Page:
Stenger states that atheists appreciate the beauty of art, music, and poetry as much as believers. They also appreciate the joys of love, friendship, parenthood, and other human relationships. I have no doubt that atheists do enjoy these. My question to Stenger is first off, what are the bases for these realities? What is the standard of beauty, for instance? Second, why should these be appreciated.
It is ironic that Stenger ends the paragraph stating that a claim about the world should be tested by science and reason. Reason can study these things, but science cannot study anything just mentioned. It can study some qualities of the things, but it cannot study the things in themselves.
It is my contention that atheists are too often falling back onto theistic standards when their worldview has no basis for such standards. Now you can value those things, yes, but what is the basis for valuing them? I have no problem with saying they can be enjoyed, but can their existence be explained?
Stenger also argues that religion is given an exemption from the requirement of rationality applied in other areas of discourse.
I’m not sure where he’s getting his information from. Especially since I as a theist often do get chided for being irrational. Now I don’t mind this at all. If someone thinks I’m irrational, better for them to go ahead and say it. I happen to think atheism is irrational and I make no bones about it.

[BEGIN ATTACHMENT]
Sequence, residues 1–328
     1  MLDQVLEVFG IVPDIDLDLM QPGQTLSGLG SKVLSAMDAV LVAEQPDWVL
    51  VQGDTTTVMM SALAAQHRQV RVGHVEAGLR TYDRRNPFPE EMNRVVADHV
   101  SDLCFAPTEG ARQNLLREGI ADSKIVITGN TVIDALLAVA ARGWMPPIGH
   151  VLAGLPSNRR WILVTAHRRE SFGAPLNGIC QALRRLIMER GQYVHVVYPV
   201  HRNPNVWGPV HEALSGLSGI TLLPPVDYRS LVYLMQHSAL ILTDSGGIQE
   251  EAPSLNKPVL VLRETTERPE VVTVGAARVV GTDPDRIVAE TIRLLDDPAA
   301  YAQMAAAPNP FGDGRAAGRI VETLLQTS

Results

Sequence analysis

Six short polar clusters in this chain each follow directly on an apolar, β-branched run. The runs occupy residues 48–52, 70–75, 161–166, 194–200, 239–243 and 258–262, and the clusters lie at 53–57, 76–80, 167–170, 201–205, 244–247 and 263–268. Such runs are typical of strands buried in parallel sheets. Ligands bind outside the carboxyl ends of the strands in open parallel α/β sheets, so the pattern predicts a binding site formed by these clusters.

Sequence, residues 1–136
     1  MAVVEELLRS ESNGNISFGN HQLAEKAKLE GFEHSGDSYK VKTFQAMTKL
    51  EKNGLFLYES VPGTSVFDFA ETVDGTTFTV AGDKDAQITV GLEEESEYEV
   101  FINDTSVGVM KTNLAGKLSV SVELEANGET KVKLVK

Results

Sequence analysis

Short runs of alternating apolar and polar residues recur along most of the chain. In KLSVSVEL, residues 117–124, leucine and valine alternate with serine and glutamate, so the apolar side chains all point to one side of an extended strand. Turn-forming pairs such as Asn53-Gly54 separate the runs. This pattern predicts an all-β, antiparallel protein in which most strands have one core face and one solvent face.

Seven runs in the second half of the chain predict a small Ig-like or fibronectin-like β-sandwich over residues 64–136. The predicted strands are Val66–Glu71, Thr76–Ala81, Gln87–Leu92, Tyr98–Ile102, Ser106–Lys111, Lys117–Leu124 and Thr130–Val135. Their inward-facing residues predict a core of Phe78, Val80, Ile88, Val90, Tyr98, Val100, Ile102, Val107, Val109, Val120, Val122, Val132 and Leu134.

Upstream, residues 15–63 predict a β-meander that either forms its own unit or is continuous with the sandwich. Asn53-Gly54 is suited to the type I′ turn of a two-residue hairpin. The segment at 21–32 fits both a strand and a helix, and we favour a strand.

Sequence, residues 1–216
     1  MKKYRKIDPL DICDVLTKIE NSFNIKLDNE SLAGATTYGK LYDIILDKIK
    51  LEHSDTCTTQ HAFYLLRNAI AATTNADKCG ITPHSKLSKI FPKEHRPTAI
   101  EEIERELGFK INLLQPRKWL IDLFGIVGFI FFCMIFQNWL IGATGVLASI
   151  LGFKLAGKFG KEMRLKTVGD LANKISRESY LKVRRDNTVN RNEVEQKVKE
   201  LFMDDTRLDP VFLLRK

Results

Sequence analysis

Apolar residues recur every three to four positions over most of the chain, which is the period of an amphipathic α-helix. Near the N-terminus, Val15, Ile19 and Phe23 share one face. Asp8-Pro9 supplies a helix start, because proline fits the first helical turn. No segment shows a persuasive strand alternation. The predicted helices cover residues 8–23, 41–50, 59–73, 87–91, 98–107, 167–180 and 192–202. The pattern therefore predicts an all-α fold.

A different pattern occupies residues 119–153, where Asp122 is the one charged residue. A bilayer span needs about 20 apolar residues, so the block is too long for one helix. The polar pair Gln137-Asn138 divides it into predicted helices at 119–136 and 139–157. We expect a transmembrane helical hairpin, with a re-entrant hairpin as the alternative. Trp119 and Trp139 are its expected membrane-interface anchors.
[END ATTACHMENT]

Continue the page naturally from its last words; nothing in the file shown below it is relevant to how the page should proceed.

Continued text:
Stenger says that atheists are pilloried for hurting people’s feelings when deepest doubts are cast that somebody born of a virgin rose from the dead 2,000 years ago or question that a book contains all the truths that anyone will ever need to know.
First off, people like Stenger do not hurt my feelings. Instead, they tickle my gag reflex. If someone is having their feelings hurt, then they need to get tougher. I do think Christians should be able to answer Stenger and frankly, they should be able to answer him easily.
Second, the use of the virgin birth and resurrection as automatic nonsense only work if all miracles are prima facie nonsense. That is the atheist worldview however and it does no good for Stenger to go to the theist and say “Your worldview does not match with the atheist worldview and is therefore false.” Now if the atheist worldview is true and mine does not match, then yes, my worldview is false. That must be demonstrated. It is this kind of technique that shows the bankruptcy of the arguments of the new atheists. They do not see the presuppositions which they approach theistic arguments with and thus do not take them seriously.